Transposition of the great arteries
Transposition of the great arteries is a serious but rare heart defect present at birth (congenital), in which the two main arteries leaving the heart are reversed (transposed). Transposition of the great arteries changes the way blood circulates through the body, leaving a shortage of oxygen in blood flowing from the heart to the rest of the body. Without an adequate supply of oxygen-rich blood, the body can’t function properly and your child faces serious complications or death without treatment.
Transposition of the great arteries is usually detected within the first hours to weeks of life.
Corrective surgery soon after birth is the usual treatment for transposition of the great arteries. Having a baby with transposition of the great arteries can be alarming, but with proper treatment, the outlook is promising.
Transposition of the great arteries occurs during fetal growth when your baby’s heart is developing. Why this defect occurs is unknown in most cases.
Normally, the pulmonary artery — which carries blood from your heart to your lungs to receive oxygen — is attached to the lower right chamber (right ventricle). From your lungs, the oxygen-rich blood goes to your heart’s upper left chamber (left atrium), through the mitral valve into the lower left chamber (left ventricle). The aorta is normally attached to the left ventricle. It carries oxygen-rich blood out of your heart back to the rest of your body.
In transposition of the great arteries, the positions of the pulmonary artery and the aorta are switched. The pulmonary artery is connected to the left ventricle, and the aorta is connected to the right ventricle. Oxygen-poor blood circulates through the right side of the heart and back to the body without passing through the lungs. Oxygen-rich blood circulates through the left side of the heart and right back into the lungs without being circulated to the rest of the body.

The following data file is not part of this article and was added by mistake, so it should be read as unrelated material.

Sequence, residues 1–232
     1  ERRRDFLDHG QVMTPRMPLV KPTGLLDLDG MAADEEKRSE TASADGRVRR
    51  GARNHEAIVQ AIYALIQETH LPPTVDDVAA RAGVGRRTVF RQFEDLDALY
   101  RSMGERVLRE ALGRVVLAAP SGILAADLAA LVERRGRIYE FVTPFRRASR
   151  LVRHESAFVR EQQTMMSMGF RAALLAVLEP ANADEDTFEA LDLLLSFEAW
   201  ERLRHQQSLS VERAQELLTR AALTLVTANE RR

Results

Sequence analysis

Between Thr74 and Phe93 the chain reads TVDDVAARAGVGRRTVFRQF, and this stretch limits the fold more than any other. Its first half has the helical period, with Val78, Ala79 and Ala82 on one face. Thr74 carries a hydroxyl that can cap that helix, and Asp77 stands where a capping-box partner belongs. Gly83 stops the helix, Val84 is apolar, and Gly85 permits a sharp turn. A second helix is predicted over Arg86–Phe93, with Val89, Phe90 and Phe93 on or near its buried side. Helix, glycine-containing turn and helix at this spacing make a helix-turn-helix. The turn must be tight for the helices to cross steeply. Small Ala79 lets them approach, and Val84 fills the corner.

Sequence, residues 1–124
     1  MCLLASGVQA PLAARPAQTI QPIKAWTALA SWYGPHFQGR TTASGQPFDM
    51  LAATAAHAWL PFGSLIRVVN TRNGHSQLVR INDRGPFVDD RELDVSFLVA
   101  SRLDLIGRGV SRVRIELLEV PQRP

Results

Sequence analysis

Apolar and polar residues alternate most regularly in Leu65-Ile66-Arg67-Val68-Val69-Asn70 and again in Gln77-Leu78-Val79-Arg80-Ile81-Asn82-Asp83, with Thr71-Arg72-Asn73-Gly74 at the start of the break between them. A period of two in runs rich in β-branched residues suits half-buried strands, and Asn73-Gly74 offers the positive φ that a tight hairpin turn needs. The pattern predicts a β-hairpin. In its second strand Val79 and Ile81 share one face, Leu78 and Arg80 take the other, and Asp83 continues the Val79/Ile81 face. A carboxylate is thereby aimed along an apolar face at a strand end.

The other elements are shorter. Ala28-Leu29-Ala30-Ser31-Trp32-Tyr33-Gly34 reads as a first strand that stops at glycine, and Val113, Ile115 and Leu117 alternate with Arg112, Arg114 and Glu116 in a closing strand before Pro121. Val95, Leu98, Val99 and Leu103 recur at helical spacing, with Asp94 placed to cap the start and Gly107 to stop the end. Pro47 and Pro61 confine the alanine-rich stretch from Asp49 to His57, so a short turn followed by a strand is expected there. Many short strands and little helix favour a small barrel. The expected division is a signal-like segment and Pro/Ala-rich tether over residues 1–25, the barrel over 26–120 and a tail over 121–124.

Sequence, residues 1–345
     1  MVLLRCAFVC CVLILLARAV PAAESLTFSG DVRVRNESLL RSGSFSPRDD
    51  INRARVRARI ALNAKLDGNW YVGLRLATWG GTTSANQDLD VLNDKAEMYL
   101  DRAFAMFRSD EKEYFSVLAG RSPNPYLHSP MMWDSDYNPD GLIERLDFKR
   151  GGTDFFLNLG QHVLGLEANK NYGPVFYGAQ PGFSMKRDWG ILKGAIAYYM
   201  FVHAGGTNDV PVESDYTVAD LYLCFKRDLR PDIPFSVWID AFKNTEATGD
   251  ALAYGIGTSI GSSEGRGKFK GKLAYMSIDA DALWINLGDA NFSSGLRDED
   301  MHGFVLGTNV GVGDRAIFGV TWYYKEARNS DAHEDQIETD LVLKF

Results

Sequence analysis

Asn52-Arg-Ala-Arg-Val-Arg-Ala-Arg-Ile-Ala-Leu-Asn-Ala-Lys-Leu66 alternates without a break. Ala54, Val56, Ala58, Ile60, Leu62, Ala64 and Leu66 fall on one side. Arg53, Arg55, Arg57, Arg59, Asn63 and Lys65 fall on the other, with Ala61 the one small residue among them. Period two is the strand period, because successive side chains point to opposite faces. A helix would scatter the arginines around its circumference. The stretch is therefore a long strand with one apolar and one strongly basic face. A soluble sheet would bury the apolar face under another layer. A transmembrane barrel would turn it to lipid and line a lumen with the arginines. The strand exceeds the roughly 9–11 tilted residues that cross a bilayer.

Circulation of oxygen-poor blood through the body causes the skin to have a blue tint (cyanosis). Because of this, transposition of the great arteries is called a congenital cyanotic heart defect.
Although some factors, such as rubella or other viral illnesses during pregnancy, maternal age over 40, or maternal diabetes, may increase the risk of this condition, in most cases the cause is unknown.
Transposition of the great arteries symptoms include:
- Blue color of the skin (cyanosis)
- Shortness of breath
- Lack of appetite
- Poor weight gain
When to see a doctor
Transposition of the great arteries is often detected as soon as your baby is born or during the first week of life. If signs and symptoms didn’t appear in the hospital, seek emergency medical help if you notice that your baby develops bluish discoloration of the skin (cyanosis), especially involving the lips and face.